Narcolepsy, or “falling asleep disorder,” appears in pop culture more often than it does in day to day life. This does not mean, however, that is a condition that is easy to dismiss.
- 1 What is Narcolepsy?
- 2 Narcolepsy Symptoms
- 3 What Causes Narcolepsy?
- 4 Diagnosing Narcolepsy
- 5 Narcolepsy Treatment
- 6 Conclusion
What is Narcolepsy?
Narcolepsy is a sleep condition that affects .05% of people in the world, making it a rare condition without reducing its substantial impact on those who suffer from it.
Folks with narcolepsy are said to suffer from attacks of sleep – which is a simple way of addressing the condition’s impact on a person’s day to day life.
More specifically, those who have narcolepsy fall into REM sleep seemingly at random over the course of the day when, a few moments earlier, they could have been entirely awake. It doesn’t matter what that person was doing beforehand, they can’t manage to stay awake.
You may find it funny if one of your close friends happens to fall asleep in the middle of your working lunch, but for folks with narcolepsy, even simple tasks like eating or driving can become difficult.
Sometimes, the narcoleptic victim will continue the activity that they were undertaking even while they sleep – such is the case with eating, which is considered an automatic activity. However, if the person in question was driving, they probably won’t be so lucky.
Folks who experience narcolepsy are also prone to depression, excessive sleepiness, sleep paralysis, hallucinations, and the occasional loss of muscle control. Narcolepsy also increases the risk that a person may suffer from increased anxiety or stress.
These conditions (excluding depression, which is a more complex topic) stem from a lack of hypocretin in the body.
Hypocretin keeps folks awake and works along with our circadian rhythms in order to keep us up and going during the sunnier hours of the day.
Narcolepsy symptoms are said to develop when you are a child, but they can be hard to pin down, as said symptoms can be affiliated with a number of other conditions.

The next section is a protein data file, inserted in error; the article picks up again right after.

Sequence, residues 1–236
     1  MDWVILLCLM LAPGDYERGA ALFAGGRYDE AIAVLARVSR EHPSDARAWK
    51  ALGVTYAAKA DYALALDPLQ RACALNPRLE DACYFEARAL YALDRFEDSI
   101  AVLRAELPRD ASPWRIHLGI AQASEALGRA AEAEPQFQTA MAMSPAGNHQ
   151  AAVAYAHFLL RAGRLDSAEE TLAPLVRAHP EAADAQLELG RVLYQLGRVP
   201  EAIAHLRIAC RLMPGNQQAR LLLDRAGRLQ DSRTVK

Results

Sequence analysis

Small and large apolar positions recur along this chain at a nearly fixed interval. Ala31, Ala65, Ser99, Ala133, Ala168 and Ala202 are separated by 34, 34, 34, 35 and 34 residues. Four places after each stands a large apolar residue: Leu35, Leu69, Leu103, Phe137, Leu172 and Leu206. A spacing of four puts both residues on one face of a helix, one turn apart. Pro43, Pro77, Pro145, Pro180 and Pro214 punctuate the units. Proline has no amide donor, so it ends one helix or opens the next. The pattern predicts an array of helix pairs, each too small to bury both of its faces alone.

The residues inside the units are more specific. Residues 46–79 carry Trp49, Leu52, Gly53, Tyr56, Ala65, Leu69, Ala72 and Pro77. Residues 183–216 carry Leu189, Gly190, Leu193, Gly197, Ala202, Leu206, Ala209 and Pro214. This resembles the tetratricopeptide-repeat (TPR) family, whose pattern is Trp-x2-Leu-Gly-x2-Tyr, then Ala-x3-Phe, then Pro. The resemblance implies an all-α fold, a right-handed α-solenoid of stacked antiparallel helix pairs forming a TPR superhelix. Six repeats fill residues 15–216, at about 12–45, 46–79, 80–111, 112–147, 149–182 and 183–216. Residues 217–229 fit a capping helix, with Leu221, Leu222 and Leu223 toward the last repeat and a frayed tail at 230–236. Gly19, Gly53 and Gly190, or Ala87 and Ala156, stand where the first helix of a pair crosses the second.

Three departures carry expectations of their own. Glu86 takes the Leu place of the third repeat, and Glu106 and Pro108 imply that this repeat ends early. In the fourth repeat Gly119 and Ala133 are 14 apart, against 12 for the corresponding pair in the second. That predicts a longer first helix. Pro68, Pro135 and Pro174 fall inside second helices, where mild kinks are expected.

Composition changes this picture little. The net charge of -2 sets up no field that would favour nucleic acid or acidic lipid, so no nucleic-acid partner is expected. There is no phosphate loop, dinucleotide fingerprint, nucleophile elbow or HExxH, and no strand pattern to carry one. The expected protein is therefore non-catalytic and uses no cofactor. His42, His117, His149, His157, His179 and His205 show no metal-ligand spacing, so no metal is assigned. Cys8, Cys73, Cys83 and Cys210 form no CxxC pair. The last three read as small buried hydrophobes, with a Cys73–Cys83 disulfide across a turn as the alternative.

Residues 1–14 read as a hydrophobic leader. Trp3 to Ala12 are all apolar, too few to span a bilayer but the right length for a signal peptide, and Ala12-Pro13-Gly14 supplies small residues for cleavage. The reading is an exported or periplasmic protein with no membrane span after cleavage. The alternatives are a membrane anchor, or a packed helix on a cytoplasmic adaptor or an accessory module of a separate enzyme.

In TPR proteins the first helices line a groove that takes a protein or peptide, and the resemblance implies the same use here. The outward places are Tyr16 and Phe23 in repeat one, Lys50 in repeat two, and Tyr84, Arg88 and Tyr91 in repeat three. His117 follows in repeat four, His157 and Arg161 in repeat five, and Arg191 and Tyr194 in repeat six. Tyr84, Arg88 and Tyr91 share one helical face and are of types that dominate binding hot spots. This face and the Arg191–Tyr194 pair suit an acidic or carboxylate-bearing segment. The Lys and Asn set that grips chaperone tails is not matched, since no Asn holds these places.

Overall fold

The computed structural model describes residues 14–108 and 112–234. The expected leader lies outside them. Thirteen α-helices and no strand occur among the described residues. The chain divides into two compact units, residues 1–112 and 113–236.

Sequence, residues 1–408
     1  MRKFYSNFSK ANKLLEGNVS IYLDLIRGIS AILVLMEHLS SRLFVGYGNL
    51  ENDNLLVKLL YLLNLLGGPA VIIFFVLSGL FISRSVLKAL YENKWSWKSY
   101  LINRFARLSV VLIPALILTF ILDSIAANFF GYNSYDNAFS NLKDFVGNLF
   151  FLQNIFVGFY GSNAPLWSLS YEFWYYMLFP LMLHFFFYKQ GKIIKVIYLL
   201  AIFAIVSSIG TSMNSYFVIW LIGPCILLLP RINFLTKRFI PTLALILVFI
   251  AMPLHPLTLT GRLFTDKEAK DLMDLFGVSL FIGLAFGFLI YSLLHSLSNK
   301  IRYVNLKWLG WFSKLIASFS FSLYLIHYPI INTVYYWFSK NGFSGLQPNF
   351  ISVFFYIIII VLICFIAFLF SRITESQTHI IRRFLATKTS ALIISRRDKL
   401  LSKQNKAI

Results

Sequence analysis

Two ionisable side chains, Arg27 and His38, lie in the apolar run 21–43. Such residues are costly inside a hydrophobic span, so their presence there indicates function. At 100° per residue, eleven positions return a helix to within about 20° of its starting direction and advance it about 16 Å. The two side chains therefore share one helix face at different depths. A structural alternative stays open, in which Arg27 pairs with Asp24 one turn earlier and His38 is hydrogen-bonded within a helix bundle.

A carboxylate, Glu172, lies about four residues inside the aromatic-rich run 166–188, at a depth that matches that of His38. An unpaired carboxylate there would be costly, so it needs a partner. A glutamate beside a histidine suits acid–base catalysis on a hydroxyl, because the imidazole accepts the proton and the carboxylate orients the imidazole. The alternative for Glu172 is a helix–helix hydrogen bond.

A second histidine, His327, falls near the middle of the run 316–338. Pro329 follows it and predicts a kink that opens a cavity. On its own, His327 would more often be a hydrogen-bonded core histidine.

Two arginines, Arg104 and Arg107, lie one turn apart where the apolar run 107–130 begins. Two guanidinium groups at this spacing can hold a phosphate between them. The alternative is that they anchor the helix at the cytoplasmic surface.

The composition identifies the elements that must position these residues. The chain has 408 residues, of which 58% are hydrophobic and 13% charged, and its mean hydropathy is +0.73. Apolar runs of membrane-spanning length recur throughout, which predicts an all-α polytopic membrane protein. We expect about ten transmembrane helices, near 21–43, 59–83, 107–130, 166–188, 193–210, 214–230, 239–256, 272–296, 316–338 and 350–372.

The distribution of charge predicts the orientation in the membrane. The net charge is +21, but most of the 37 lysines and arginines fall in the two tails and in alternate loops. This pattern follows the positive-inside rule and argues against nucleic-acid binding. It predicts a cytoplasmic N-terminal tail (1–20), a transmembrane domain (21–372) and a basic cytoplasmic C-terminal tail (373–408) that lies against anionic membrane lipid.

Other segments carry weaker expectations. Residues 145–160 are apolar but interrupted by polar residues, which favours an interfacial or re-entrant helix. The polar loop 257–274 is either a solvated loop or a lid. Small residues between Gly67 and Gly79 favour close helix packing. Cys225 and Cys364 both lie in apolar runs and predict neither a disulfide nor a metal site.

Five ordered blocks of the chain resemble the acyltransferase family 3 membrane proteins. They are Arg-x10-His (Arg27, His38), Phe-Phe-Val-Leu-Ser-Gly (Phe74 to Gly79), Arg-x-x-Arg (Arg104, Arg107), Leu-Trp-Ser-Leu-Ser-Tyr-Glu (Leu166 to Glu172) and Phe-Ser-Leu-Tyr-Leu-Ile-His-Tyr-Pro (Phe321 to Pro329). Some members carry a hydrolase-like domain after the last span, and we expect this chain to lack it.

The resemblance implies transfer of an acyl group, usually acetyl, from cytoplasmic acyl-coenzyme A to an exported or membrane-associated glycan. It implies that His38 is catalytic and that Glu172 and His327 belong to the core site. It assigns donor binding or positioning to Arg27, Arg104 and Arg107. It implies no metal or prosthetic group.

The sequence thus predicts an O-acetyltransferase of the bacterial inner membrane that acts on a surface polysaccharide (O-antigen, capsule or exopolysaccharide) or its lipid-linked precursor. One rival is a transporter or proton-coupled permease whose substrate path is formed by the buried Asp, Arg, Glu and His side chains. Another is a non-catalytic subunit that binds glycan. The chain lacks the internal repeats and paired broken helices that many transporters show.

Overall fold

That said, if you are narcoleptic, you’ll have experienced a number of the following since you were rather young, and you may have been misdiagnosed in the past.
Irregular Sleep Cycle
Though it may seem like an obvious symptom, irregular sleep cycles are part and parcel of life with narcolepsy.
While you may find that you fall asleep at seemingly random times of the day, you may also find that you are unable to sleep peacefully through the night.
Whether this is due to nightmares or simply because you wake up at odd hours, the lack of sleep and the irregularity of a narcoleptic’s sleep cycle contributes to the overall sleepiness its victims may have to deal with.
This disrupted sleep cycle comes as a result of narcolepsy’s disruption of a person’s day to day REM cycle.
REM, it should be noted, is the fourth stage of sleep and the deepest; the acronym stands for “Rapid Eye Movement,” or the twitching of your eyes that occurs when you start to dream.
Without this level of sleep, your health is likely to be compromised, and you’ll have an exceptionally difficult time feeling well rested.
Speaking of which, one of the other signs of narcolepsy is extreme sleepiness.
Over the course of a day, a person with narcolepsy may find that they’re moving through something like a mental fog and that completing their responsibilities at work, around the home, or in school is, in turn, quite difficult.
This lack of energy is often attributed to laziness, but with narcoleptics, it is a lacking that exceeds the norm.
This sleepiness may also result in trouble with a person’s memory, as short terms memories will be more difficult to form due to the victim’s inability to pay attention to their surroundings.
Cataplexy is, in a number of ways, similar to sleep paralysis, a condition which this article will touch on momentarily.
However, cataplexy is far more an extreme version of muscle weakness. Narcoleptics are likely to experience muscle weakness and cataplexy as symptoms of their condition, especially when they’re experiencing strong emotions.